US 5058315 A
A turf anchor stake having a flat shank with a pointed lower end and a headed upper end or two flat shanks connected by a crossbar can be driven through divots into the soil beneath the divots to hold such divots in place until their edge root structure knits with surrounding root structure. To facilitate driving of the stakes the lower ends of the shanks are pointed and lateral projections from the lower end portions of the shanks deter withdrawal of the shanks and lifting of the divots or turf.
1. A turf anchor comprising a stake made principally of peat material for impaling loose turf with its tip embedded in the soil beneath the turf, having a flat shaft to deter turning of the loose turf about an upright axis and having a projection extending laterally from the lower end portion of said stake shaft for embedment in the soil to deter upward withdrawal of the stake, and the peat material of which the stake is make will disintegrate readily when subjected to water.
2. The turf anchor defined in claim 1, in which the peat material is bonded by a binder soluble in water.
3. A turf anchor comprising a stake made principally of peat material for impaling loose turf with its tip embedded in the soil beneath the turf, and the peat material of which the stake is made will disintegrate within a few weeks when subjected to water.
4. The turf anchor defined in claim 3, in which the stake is made principally of peat material bonded by a binder the binding action of which deteriorates in water to enable disintegration of the peat material within a few weeks.
The turf anchor stake of the present invention may be of different shapes, representative forms of which are shown in the drawings. In each instance the stake would have a shank long enough to impale loose turf and to enable its lower end portion to be embedded in the soil beneath the turf. Such a stake would have a length of one to four inches. Particularly if the lower end portion of the stake has a projection extending laterally from it, such as a barb, to deter upward withdrawal of the stake, the shorter stake would be of sufficient length in most instances. Stakes of different length could, however, be supplied.
Stakes of different configuration are shown in the drawings. In FIGS. 1, 2, 3 and 4, divot or sod anchor stakes having a single shank 1 are shown. As shown in FIGS. 2 and 4, the stakes are flat. The stake shown in FIGS. 1 and 2 has a pointed lower end, the upper portion of which has projections extending laterally oppositely from the opposite edges of the stake to form shoulders 3 that would engage subsoil beneath a divot or sod for creating resistance to upward withdrawal of the stake and deter lifting of the divot or shifting of the sod. Also the flat shape deters turning of the divot about an upright axis.
The upper end of the shank 1 carries a crossbar 4 which in the forms of turf anchor stake shown in FIGS. 1 to 4, inclusive, has cantilever ends projecting laterally beyond opposite edges of the shank. Such head can be impacted or pressed to drive the stake through loose turf and into the subsoil beneath the turf.
Greater resistance to withdrawal of the stake can be effected by making its pointed lower end in the form of a barbed arrowhead 5 having barbs 6 projecting laterally from the opposite edges of the lower end portion of the stake as shown in FIGS. 3 and 4.
The types of turf anchor stakes shown in FIGS. 5 to 12, inclusive, have twin shanks 7 which again are flat and are disposed in spaced coplanar relationship. The lower end portions of the shanks of the stake shown in FIGS. 5 and 6 have chisel points and the upper portions of such points have projections extending laterally inward from the edges of the shanks to form shoulders or barbs 9 that can be driven into the subsoil beneath the turf. Such shoulders or barbs will produce resistance to deter upward withdrawal of the stakes, as discussed in connection with FIGS. 1 through 4.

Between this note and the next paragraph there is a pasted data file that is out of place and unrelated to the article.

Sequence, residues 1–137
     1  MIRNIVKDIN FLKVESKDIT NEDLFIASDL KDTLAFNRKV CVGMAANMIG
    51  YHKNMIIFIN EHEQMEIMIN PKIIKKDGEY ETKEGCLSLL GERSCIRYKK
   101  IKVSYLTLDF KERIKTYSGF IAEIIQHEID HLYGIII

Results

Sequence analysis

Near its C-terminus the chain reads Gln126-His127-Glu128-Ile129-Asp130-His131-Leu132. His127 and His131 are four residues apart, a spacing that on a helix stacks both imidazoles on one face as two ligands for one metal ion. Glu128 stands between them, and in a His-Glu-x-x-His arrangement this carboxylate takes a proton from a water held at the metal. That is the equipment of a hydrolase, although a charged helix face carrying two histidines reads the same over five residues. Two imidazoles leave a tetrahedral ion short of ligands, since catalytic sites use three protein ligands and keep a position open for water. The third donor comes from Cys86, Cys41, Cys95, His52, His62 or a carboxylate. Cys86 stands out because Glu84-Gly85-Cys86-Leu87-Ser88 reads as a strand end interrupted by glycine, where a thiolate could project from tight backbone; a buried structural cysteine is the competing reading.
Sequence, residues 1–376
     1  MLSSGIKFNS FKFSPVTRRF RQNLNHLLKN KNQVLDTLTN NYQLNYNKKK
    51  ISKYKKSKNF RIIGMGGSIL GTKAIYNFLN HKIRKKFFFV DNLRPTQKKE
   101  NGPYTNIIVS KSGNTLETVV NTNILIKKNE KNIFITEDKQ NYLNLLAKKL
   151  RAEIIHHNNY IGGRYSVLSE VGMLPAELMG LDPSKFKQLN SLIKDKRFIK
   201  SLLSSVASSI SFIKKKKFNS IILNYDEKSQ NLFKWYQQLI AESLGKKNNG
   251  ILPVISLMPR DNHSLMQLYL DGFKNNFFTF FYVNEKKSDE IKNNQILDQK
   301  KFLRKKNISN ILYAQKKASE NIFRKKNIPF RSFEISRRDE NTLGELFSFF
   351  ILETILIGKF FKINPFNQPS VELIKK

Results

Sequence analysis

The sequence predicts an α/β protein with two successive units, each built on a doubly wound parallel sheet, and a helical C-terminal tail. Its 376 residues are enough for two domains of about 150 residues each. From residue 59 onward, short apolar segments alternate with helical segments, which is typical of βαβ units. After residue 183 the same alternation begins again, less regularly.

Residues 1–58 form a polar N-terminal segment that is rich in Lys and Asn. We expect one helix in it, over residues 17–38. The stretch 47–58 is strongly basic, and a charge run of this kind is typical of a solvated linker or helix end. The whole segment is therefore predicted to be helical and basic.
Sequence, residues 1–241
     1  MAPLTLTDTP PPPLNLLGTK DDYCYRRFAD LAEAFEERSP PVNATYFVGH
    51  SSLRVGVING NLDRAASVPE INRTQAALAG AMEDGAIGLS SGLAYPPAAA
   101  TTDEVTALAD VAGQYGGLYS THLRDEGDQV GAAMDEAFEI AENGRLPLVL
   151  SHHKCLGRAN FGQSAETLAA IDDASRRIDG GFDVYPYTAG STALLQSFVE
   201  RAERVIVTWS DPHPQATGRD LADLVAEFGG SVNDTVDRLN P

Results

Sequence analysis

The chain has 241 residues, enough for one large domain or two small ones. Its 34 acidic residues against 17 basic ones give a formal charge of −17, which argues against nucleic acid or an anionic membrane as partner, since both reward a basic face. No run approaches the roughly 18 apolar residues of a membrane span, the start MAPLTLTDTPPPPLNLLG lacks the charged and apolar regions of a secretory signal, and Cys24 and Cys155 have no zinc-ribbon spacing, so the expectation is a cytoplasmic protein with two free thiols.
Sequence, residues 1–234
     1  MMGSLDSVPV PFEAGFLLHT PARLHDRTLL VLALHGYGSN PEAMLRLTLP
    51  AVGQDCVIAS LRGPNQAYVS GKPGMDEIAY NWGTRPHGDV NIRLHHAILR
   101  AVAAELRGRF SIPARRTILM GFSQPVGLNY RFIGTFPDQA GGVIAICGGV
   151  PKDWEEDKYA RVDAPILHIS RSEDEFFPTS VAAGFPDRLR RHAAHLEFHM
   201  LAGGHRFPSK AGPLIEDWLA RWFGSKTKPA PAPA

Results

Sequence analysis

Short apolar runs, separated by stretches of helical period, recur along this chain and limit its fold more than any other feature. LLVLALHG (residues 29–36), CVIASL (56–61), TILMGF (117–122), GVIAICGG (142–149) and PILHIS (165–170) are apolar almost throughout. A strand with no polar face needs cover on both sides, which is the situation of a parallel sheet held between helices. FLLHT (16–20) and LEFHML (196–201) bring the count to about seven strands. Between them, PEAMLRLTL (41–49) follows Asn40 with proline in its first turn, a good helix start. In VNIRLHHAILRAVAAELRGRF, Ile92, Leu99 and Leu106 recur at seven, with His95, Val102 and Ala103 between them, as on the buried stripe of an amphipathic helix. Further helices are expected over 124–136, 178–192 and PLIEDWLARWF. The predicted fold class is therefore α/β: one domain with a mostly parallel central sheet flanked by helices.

In each of the stakes shown in FIGS. 5 through 12, inclusive, the upper ends of the twin shanks 7 are connected by a crossbar 10 to provide a stake of staple shape. Such stakes can be driven by applying pressure to the crossbar 10 or by striking such crossbar. The staple shape deters turning of the divot about an upright axis.
In the turf anchor stake shown in FIGS. 7 and 8, the lower end portion of only one shank is formed as a chisel point having a projection extending laterally inward from the inner edge of its shank to form a shoulder or barb 9. The lower end portion of the other shank is formed as a chisel point 11, but the lower end portion of such shank does not have a projection extending laterally inward from the inner edge of the shank to form a shoulder or barb that would deter upward withdrawal of the stake.
In the forms of turf anchor stake shown in FIGS. 9 through 12, neither of the shanks 7 has a shoulder or barb on its lower end portion to increase deterrence to upward withdrawal of the stake. The lower end portions of the twin shanks of the stake shown in FIGS. 9 and 10 simply have chisel points 11 like that described in connection with the turf anchor staple shown in FIGS. 7 and 8. The lower portions of the twin shanks 7 of the turf anchor stake shown in FIGS. 11 and 12 have points tapered in both directions to make them sharper than the lower shank ends of FIGS. 9 and 10.
The types of turf anchor stakes shown in FIGS. 1 through 6 are for use where the soil under the loose turf is softest so that the stakes can be driven relative easily and will have good resistance to withdrawal even though the soil is soft. The turf anchor stake shown in FIGS. 7 and 8 can be used where the soil is more firm, and the turf anchor stake shown in FIGS. 9 and 10 can be used where the soil is still harder. The turf anchor stake shown in FIGS. 11 and 12 should be used where the soil is hardest in order to enable the points 12 to penetrate a substantial distance into the soil. The friction of hard soil with the lower end portions of the turf anchor stake would be sufficiently great to deter upward withdrawal of the stake even without a lateral projection or barb of the type discussed in connection with the stakes shown in FIGS. 1 through 8, inclusive, if the stake shank is long enough.